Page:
Reproductive isolation can be initiated by changes in one or a few key traits that prevent random mating among individuals in a population. During the early stages of speciation, when isolation is often incomplete, there will be a heterogeneous pattern of differentiation across regions of the genome between diverging populations, with loci controlling these key traits appearing the most distinct as a result of strong diversifying selection. In this study, we used Illumina-sequenced ddRAD tags to identify genomewide patterns of differentiation in three recently diverged island populations of the Monarcha castaneiventris flycatcher of the Solomon Islands. Populations of this species have diverged in plumage colour, and these differences in plumage colour, in turn, are used in conspecific recognition and likely important in reproductive isolation. Previous candidate gene sequencing identified point mutations in MC1R and ASIP, both known pigmentation genes, to be associated with the difference in plumage colour between islands. Here, we show that background levels of genomic differentiation based on over 70,000 SNPs are extremely low between populations of distinct plumage colour, with no loci reaching the level of differentiation found in either candidate gene. Further, we found that a phylogenetic analysis based on these SNPs produced a taxonomy wherein the two melanic populations appear to have evolved convergently, rather than from a single common ancestor, in contrast to their original classification as a single subspecies. Finally, we found evidence that the pattern of low genomic differentiation is the result of both incomplete lineage sorting and gene flow between populations.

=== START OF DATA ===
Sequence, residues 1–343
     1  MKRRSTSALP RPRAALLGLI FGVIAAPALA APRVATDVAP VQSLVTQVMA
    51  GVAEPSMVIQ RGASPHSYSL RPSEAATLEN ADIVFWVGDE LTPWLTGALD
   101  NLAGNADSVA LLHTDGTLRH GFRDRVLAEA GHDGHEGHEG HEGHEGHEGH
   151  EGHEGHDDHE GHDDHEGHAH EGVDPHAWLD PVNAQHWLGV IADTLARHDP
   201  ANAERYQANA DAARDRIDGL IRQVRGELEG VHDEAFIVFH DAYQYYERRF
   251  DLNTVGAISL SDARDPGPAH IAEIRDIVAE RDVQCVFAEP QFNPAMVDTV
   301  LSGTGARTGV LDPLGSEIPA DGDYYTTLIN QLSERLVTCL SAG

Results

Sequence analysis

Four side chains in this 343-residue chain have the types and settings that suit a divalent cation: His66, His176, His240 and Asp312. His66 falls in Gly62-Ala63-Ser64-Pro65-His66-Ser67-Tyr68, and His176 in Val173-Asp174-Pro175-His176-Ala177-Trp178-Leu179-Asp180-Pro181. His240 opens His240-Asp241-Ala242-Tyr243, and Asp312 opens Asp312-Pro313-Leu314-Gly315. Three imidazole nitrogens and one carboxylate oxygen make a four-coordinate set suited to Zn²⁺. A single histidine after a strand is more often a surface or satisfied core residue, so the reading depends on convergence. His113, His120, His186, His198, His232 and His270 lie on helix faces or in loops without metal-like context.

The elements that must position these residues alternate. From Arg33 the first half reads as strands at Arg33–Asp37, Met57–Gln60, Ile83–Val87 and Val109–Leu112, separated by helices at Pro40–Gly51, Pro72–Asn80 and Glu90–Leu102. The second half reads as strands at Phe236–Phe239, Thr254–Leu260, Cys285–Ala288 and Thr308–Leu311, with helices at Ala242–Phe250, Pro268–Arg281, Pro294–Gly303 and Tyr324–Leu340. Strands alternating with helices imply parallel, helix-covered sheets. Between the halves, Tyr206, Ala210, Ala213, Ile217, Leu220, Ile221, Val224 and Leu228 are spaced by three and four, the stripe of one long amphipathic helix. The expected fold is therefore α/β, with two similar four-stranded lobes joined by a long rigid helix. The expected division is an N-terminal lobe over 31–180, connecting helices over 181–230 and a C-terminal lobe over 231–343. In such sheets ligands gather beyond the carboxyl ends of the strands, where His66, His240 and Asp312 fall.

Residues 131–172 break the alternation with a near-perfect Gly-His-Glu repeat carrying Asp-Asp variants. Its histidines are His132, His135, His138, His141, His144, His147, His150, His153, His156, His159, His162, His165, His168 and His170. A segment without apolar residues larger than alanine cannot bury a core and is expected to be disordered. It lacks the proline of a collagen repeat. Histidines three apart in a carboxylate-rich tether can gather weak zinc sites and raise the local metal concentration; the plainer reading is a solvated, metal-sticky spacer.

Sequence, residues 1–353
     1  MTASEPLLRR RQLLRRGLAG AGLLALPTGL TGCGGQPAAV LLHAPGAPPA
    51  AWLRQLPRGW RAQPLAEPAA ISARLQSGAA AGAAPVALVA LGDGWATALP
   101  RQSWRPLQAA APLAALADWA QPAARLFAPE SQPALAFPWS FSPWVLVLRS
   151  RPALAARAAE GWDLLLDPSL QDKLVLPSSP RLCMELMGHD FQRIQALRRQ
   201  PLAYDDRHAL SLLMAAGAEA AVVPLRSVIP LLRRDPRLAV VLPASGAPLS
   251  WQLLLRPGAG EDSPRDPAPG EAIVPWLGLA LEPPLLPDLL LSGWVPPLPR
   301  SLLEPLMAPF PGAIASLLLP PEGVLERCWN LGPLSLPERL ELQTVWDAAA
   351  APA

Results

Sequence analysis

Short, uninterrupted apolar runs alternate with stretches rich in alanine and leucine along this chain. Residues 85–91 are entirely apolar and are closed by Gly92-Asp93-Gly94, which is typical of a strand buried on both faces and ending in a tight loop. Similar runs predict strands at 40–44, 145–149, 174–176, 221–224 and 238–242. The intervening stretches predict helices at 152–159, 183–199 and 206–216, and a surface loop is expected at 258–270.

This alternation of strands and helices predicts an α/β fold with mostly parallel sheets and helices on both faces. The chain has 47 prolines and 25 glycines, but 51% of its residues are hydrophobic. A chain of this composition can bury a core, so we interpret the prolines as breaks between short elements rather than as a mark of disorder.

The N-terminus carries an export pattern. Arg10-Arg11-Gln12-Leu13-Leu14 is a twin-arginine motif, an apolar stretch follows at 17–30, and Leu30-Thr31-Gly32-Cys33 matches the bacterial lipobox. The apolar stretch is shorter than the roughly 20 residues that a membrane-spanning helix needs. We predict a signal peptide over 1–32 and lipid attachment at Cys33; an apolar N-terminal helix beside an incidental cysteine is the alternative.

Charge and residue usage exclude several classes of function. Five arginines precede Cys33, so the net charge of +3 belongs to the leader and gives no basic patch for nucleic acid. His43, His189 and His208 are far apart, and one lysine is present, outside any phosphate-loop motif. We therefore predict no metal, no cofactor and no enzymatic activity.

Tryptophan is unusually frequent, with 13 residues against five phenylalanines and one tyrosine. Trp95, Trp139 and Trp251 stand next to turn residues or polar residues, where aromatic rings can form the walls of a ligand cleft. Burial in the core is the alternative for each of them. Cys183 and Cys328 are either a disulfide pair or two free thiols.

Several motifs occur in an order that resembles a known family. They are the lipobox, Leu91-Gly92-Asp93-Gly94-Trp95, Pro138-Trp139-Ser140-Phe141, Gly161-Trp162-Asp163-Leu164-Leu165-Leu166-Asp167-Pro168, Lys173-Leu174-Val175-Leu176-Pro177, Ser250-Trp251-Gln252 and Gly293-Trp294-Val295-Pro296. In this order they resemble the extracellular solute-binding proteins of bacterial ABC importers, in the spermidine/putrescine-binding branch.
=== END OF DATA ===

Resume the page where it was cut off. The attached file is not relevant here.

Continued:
- convergent evolution
- ddRAD sequencing
- speciation with gene flow
ASJC Scopus subject areas
- Ecology, Evolution, Behavior and Systematics